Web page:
In this Sept. 22, 2018 file photo, South Carolina defensive lineman Aaron Sterling, right, recovers a fumble by Vanderbilt quarterback Kyle Shurmur (14) after being hit by Javon Kinlaw (3) during the second half of an NCAA college football game, in Nashville, Tennessee. — AP Photo/Mark Zaleski, File

In this Sept. 22, 2018 file photo, South Carolina defensive lineman Aaron Sterling, right, recovers a fumble by Vanderbilt quarterback Kyle Shurmur (14) after being hit by Javon Kinlaw (3) during the second half of an NCAA college football game, in Nashville, Tennessee. — AP Photo/Mark Zaleski, File

MOBILE, Ala. — Javon Kinlaw’s motivation comes from his past, having lived at times without running water or electricity.

Those humble beginnings drive the South Carolina defensive tackle to play with a different kind of aggression and have helped him become one of the top NFL prospects at this week’s Senior Bowl. He is trying to cement his status as a first-rounder and perhaps even a top 10 draft pick.

Kinlaw has traveled a path from poverty to junior college to the Southeastern Conference to arrive at this point.

A first-team Associated Press All-American last season, Kinlaw — along with his mom Leesa James and two brothers — immigrated from Trinidad and Tobago.

He describes a childhood that included bouts of virtual homelessness and living in a basement in Washington D.C., filling buckets from a neighbor’s hose for baths, eating lots of bologna and hot dogs and sharing shoes with his brothers even though they were a couple of sizes apart.

“It just makes me play with an aggression, a different kind of aggression,” Kinlaw said this week. “People just doing you wrong all your life. Football just became an outlet for that type of stuff. It’s been working in my favor, honestly.”

Minutes later, he smiles talking about his 9-month-old daughter Eden Amara and wanting to make sure she never lacks for food, clothes or shoes.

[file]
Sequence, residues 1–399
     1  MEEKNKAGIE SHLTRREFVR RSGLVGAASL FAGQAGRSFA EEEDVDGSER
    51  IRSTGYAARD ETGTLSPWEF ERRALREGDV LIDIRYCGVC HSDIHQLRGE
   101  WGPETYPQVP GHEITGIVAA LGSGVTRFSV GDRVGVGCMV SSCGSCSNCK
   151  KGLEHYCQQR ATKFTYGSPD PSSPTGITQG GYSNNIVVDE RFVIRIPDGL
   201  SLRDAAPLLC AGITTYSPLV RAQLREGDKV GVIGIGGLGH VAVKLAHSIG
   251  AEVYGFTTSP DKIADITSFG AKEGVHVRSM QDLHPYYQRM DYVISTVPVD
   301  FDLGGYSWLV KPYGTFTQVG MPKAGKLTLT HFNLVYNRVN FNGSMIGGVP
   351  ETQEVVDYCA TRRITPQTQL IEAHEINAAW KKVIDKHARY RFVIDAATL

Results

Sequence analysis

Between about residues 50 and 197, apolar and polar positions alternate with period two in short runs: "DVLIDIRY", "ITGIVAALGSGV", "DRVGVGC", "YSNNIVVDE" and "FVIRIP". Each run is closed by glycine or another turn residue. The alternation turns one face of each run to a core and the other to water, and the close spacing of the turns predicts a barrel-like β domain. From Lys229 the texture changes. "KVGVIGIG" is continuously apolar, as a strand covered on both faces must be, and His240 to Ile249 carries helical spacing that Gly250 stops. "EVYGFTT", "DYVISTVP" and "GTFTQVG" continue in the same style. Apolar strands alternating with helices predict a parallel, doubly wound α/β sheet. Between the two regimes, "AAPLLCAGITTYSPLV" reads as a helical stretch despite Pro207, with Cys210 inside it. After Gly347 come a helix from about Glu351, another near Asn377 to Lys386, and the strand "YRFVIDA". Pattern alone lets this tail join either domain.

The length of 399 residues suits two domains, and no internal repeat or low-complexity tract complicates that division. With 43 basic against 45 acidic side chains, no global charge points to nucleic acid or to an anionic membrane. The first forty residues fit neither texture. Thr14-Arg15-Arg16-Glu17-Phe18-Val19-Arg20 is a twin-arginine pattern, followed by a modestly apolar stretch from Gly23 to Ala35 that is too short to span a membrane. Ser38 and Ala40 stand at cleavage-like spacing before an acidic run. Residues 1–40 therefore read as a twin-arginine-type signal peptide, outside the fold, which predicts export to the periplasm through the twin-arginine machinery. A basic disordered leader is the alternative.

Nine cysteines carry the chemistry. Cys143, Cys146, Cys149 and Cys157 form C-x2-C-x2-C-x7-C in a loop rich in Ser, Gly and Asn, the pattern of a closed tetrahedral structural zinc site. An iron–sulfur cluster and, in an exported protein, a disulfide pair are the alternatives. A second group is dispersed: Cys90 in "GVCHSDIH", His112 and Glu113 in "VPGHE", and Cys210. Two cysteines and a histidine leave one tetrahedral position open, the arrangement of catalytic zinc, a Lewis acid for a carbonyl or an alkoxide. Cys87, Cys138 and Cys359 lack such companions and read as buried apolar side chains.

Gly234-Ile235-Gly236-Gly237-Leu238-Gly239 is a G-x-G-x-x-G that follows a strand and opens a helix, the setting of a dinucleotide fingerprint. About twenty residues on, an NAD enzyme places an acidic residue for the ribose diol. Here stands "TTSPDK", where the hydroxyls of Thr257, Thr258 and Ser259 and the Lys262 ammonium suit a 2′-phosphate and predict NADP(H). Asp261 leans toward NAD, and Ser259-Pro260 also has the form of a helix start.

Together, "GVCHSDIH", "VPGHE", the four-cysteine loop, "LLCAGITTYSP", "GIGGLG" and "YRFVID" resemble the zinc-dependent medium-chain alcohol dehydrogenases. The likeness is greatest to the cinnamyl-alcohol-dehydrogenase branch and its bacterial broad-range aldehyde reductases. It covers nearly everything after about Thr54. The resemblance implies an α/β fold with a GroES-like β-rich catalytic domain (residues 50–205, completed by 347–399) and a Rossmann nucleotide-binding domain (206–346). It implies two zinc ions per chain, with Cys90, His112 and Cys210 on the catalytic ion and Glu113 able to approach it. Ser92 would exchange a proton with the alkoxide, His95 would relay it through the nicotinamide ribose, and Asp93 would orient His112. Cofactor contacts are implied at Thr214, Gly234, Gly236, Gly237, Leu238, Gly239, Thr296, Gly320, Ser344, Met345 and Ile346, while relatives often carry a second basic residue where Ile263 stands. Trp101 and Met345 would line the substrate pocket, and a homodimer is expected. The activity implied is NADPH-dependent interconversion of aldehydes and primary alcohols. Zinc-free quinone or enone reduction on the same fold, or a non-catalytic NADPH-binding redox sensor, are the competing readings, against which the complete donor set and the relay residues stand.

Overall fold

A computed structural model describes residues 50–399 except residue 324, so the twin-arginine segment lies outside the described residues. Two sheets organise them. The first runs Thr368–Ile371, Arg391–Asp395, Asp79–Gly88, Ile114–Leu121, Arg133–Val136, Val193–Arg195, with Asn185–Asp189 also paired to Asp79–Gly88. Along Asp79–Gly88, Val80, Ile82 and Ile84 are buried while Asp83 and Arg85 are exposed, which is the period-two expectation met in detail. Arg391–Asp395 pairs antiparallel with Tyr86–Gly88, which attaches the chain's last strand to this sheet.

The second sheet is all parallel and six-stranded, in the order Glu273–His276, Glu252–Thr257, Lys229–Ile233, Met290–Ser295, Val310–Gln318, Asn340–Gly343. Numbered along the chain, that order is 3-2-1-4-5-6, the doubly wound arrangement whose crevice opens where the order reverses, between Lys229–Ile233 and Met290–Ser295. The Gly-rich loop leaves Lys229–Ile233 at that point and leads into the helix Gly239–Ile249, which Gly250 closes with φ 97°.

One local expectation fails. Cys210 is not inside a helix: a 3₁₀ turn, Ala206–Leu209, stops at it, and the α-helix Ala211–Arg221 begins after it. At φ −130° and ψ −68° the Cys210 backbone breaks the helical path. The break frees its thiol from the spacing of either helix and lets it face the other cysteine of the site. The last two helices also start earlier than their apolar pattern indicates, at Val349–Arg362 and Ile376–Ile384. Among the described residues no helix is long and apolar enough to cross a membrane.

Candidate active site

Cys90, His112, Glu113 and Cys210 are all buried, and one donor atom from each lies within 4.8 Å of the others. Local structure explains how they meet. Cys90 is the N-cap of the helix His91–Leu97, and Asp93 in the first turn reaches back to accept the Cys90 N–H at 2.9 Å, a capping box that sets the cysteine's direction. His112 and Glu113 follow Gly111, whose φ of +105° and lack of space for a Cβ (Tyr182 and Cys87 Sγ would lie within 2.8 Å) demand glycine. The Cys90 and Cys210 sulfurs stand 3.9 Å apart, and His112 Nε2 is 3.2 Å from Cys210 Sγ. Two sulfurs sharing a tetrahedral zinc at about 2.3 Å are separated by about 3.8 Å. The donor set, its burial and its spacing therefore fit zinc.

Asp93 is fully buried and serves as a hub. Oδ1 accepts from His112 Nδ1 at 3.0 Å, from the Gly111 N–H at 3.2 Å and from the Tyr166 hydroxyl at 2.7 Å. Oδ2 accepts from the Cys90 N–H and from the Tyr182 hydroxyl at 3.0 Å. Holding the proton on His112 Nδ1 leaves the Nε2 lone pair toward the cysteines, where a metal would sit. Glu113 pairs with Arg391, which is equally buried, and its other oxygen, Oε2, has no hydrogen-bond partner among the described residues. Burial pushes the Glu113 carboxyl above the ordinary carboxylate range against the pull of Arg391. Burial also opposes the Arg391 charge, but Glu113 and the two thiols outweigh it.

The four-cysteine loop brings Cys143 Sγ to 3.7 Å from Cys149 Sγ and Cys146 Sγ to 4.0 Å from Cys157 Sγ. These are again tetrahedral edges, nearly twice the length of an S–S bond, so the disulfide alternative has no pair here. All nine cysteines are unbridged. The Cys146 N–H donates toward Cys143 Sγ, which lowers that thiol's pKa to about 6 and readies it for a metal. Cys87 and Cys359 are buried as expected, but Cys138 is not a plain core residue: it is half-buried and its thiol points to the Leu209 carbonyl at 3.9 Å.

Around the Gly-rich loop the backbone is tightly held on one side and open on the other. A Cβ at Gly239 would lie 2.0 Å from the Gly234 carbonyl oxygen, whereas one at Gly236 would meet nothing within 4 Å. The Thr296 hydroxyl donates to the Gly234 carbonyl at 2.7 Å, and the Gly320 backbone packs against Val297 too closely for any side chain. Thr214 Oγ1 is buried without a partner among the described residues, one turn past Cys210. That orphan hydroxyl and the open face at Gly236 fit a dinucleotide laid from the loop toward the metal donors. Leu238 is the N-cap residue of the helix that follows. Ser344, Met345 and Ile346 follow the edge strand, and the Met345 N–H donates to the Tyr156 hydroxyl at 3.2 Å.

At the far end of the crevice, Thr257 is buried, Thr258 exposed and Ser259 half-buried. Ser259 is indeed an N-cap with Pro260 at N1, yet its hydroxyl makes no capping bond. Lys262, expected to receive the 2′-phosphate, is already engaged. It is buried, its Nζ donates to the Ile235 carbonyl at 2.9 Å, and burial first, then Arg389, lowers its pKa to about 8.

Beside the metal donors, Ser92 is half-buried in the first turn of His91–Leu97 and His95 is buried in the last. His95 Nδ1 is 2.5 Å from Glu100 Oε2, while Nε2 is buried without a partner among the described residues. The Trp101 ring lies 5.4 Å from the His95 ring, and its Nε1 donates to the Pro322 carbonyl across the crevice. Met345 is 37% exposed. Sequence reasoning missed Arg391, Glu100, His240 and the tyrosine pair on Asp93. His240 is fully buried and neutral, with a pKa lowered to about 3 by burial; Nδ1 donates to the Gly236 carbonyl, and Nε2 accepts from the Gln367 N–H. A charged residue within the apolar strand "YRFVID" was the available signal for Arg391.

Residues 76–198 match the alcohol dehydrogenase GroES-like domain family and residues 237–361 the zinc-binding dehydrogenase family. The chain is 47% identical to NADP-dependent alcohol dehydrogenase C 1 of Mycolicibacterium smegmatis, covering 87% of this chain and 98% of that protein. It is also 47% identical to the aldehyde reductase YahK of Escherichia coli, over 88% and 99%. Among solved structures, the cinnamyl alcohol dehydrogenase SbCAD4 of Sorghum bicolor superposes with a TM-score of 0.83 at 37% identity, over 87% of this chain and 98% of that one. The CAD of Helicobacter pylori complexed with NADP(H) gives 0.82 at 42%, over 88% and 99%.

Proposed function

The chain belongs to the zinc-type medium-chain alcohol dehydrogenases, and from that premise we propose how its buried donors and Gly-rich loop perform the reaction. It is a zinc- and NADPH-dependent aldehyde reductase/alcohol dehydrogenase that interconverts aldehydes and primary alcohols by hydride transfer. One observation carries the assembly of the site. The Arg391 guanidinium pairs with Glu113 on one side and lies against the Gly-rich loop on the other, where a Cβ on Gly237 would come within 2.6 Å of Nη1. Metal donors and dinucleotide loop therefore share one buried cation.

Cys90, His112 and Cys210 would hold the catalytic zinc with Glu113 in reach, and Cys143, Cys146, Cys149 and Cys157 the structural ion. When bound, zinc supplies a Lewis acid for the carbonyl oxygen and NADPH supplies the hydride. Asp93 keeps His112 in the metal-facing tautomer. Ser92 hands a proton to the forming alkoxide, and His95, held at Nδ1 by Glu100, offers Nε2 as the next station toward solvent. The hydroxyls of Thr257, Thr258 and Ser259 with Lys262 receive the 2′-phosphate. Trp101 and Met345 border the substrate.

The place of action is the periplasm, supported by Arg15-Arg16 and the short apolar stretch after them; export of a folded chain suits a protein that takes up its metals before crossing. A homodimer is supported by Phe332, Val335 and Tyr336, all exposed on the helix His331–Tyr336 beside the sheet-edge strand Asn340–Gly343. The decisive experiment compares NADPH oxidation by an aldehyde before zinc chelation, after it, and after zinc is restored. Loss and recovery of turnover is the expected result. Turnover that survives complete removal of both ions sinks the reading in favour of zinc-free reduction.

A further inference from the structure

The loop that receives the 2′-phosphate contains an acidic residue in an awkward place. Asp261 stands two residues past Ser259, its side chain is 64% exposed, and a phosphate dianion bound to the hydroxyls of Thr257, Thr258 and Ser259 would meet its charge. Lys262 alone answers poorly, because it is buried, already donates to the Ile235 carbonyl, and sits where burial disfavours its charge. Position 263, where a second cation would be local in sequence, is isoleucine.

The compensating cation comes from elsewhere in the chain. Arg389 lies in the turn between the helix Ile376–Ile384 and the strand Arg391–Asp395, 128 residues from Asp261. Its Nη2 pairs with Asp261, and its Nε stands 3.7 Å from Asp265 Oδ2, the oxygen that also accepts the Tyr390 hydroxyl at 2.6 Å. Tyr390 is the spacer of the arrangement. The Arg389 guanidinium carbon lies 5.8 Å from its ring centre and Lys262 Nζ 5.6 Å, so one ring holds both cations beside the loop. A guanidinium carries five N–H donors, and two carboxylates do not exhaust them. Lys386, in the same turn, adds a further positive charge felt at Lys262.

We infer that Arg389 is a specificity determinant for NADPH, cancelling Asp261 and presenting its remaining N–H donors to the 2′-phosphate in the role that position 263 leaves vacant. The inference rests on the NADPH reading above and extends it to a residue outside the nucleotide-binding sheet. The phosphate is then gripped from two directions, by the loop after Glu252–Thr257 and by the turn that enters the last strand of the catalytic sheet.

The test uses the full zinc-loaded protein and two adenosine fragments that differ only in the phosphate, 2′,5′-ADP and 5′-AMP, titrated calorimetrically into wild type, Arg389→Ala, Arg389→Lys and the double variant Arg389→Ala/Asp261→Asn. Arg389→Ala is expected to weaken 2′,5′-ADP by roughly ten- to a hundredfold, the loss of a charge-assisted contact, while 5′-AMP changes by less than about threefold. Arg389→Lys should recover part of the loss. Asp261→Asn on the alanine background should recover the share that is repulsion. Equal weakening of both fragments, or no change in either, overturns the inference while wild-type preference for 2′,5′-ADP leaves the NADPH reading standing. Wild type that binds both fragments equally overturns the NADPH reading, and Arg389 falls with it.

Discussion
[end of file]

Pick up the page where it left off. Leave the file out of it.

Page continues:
“She’s 31 inches and a size 5 shoe,” he said proudly, himself measuring in with an NFL-worthy 6-foot-5 and 318 pound frame.

Kinlaw opened up about his hardscrabble upbringing this week publicly, and likely to NFL teams as well. But he said it seemed normal as a youngster because he didn’t know any other way.

Kinlaw is also not shy about his ambitions, saying he wants to be better than Senior Bowl alum and Los Angeles Rams star Aaron Donald. In fact, “Honestly, I want to be the best D-tackle that has ever played this game, and I stand firm with that.”

Not only does he talk-the-talk, but he walks-the-walk.

Kinlaw had 35 tackles and six sacks as a senior, good enough for All-America honors but far shy of his own lofty goal of 15 sacks. One of his South Carolina teammates, linebacker DJ Wonnum, said playing alongside him he got a firsthand look at how Kinlaw feeds on the things he has been through in life.

“You see how he plays on Saturdays, he goes crazy,” Wonnum said. “I feel like that just gives him ammunition to go out there and dominate everybody he plays against.”

Senior Bowl executive director Jim Nagy said Kinlaw is “a really high-ceiling player” who shined against top teams like Alabama and Georgia. He said Kinlaw and Oregon quarterback Justin Herbert are the highest rated prospects in Saturday’s game.

Kinlaw slimmed down considerably for his senior season after climbing to about 347 pounds. He said he dropped 20-plus just through the Gamecocks’ last preseason camp, reaching 309 largely through extra cardio and cutting out fast food.

He started his career at Jones County Junior College in Mississippi, a naive youngster used to doing without.

“My first two days there, I didn’t eat because I didn’t know where the caf (cafeteria) was at and I didn’t know the food was free,” Kinlaw said. “When I found out it was free, I was going crazy.”

Wherever he ends up in the NFL it seems a safe bet he won’t forget his humbling beginnings.

The Associated Press

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